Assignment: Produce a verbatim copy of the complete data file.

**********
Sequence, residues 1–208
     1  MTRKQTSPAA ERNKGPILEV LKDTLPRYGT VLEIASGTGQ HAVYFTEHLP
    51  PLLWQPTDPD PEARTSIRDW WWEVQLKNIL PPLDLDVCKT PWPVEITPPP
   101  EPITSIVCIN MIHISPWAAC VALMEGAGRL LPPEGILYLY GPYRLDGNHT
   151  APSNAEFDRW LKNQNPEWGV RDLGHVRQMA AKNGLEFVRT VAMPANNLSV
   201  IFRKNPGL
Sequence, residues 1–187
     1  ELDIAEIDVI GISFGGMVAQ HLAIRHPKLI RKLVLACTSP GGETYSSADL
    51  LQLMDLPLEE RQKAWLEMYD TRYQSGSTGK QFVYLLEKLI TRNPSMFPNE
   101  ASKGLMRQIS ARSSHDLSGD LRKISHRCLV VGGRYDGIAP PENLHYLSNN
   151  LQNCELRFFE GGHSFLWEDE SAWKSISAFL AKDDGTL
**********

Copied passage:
Sequence, residues 1–208
     1  MTRKQTSPAA ERNKGPILEV LKDTLPRYGT VLEIASGTGQ HAVYFTEHLP
    51  PLLWQPTDPD PEARTSIRDW WWEVQLKNIL PPLDLDVCKT PWPVEITPPP
   101  EPITSIVCIN MIHISPWAAC VALMEGAGRL LPPEGILYLY GPYRLDGNHT
   151  APSNAEFDRW LKNQNPEWGV RDLGHVRQMA AKNGLEFVRT VAMPANNLSV
   201  IFRKNPGL
Sequence, residues 1–187
     1  ELDIAEIDVI GISFGGMVAQ HLAIRHPKLI RKLVLACTSP GGETYSSADL
    51  LQLMDLPLEE RQKAWLEMYD TRYQSGSTGK QFVYLLEKLI TRNPSMFPNE
   101  ASKGLMRQIS ARSSHDLSGD LRKISHRCLV VGGRYDGIAP PENLHYLSNN
   151  LQNCELRFFE GGHSFLWEDE SAWKSISAFL AKDDGTL